LAPD Manhunt: Officers Acted “Out of Policy”By: Lacy Langley - February 5, 2014
It has finally been decided that eight officers involved in last year’s botched manhunt for former cop, Christopher Dorner, acted “out of policy” when they fired on a truck they believed to be the suspect, according to the AP. It actually contained two women who were delivering newspapers early that morning.
LAPD Police Chief Charlie Beck said in an interview shortly after the shooting, that the women were the victims of “a tragic misinterpretation” by officers working under “incredible tension,” according to the Los Angeles Times.
Beck will decide on the discipline for the officers who are currently on non-field duty awaiting the results of the investigation. He said at a news conference,
“These officers will all and have all received extensive training as had the whole Los Angeles Police Department relative to these types of issues.”
One person who isn’t surprised at the determination is Glen Jonas, the attorney for the women, Emma Hernandez, who was 71 at the time, and her daughter, Margie Carranza, who was then 47. They were awarded 4.2 million dollars for the incident along with another $40,000 for their truck.
“There (are) 4.2 million reasons I have to believe it’s out of policy,” Jonas said. “Anyone with any common sense would agree it’s out of policy.”
Beck admitted that the officers fired on the truck that was “creeping” down the street after one of the women threw a newspaper and an officer thought that the sound of it hitting the pavement was gunfire.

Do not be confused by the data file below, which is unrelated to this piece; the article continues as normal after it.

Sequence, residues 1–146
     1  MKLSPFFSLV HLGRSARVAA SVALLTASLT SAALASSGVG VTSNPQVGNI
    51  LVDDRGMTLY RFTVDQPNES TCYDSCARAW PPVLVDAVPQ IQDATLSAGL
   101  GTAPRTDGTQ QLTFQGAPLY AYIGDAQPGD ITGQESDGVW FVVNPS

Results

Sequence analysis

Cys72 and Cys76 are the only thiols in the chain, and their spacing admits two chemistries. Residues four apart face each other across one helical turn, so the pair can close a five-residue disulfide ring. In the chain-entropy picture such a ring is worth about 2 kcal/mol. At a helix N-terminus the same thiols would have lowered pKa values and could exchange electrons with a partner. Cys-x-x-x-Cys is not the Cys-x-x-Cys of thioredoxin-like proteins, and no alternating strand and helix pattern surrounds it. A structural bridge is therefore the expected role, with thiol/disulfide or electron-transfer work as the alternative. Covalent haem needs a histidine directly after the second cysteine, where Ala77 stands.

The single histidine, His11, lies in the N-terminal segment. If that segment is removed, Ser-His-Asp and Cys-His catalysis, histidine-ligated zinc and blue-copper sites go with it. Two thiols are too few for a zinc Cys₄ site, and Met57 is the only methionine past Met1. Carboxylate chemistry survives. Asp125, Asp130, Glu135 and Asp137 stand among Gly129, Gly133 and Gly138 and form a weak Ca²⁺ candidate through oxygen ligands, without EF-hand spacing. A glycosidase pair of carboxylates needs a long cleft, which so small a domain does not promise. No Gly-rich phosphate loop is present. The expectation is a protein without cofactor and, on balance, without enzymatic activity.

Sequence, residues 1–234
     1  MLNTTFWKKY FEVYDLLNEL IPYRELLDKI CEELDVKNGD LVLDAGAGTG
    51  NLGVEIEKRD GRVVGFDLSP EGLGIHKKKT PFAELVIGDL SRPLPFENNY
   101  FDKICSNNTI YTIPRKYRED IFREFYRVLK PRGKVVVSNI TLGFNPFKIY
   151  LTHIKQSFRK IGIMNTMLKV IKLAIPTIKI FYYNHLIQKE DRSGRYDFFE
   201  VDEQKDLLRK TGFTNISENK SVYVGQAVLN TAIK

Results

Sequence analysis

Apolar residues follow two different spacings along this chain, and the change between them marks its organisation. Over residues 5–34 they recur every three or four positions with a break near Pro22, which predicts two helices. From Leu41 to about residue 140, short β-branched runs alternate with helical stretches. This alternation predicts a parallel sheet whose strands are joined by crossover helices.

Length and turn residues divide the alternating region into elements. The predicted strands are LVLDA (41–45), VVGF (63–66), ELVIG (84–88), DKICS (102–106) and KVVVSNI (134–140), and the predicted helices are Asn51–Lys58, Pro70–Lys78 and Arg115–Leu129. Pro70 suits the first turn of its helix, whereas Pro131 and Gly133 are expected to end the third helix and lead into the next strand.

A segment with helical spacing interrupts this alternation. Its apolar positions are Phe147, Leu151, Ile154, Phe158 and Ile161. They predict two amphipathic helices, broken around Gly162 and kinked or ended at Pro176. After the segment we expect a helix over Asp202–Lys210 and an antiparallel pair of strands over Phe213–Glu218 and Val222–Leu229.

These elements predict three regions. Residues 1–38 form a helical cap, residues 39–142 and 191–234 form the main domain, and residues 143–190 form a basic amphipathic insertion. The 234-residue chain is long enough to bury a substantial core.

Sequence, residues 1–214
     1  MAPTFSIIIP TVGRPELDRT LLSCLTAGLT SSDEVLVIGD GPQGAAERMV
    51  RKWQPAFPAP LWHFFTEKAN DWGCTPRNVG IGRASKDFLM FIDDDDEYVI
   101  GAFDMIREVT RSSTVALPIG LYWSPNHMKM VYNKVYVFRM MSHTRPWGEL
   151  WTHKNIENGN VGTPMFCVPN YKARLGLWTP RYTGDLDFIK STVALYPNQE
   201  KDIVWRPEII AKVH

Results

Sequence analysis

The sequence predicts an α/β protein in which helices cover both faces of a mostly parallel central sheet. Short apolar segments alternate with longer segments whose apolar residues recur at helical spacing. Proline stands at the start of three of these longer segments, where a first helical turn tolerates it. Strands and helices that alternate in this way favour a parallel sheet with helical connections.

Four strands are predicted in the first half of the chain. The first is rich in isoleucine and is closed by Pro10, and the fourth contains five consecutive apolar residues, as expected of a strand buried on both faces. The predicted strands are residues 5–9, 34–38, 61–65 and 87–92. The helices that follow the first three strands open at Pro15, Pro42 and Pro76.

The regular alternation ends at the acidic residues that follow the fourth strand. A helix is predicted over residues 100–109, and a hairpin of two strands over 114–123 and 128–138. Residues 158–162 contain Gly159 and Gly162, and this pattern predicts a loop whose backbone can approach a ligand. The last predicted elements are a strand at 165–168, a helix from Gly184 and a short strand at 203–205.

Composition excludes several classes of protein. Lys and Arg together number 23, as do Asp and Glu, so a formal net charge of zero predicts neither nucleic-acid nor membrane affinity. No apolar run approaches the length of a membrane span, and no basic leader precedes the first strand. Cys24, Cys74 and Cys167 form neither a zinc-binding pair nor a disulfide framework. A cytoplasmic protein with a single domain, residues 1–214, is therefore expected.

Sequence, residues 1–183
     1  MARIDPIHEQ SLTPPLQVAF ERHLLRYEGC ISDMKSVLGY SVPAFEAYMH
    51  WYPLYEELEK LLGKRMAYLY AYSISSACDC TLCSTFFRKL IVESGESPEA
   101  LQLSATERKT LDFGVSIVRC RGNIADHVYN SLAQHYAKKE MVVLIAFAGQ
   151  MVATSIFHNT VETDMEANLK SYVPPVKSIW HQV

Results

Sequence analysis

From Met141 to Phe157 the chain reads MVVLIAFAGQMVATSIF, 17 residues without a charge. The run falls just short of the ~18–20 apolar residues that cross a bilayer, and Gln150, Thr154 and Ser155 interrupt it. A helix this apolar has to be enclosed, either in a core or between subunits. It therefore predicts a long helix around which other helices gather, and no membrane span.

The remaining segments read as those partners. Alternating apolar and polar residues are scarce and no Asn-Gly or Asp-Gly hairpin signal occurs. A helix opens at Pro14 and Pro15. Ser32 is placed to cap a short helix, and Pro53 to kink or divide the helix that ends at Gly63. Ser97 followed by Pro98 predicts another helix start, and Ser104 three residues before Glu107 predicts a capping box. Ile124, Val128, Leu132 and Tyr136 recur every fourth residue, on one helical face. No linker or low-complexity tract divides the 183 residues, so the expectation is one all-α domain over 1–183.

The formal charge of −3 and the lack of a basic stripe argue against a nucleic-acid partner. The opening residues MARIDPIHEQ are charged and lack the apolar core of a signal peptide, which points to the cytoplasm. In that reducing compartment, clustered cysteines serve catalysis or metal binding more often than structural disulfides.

“There is no evidence to support that they were holding an object that could be reasonably perceived to be an imminent deadly threat,” Beck wrote in his report.
Tuesday, he reiterated that sentiment by stating, “I sympathize with the officers, but I have a very high standard for the application of deadly force, and the shooting did not meet that standard,”
Jonas said that Hernandez had recovered except for some shoulder problems, and that neither of them had returned to tossing newspapers, adding that Carranza had tried but that “it was too traumatic for her.”
“The emotional and mental trauma is still there and they’re still dealing with that,” Jonas said.
Surprisingly, there was almost no discipline taken at all. A panel of high-ranking police officials reviewed the shooting right after it happened and urged Beck to clear the officers, said sources. These sources spoke on the condition that they remain anonymous because they were not authorized to speak publicly about the case.
Beck, however, ultimately found that he just couldn’t justify the action that was taken by the officers. The punishment taken could range anywhere from retraining to firing.
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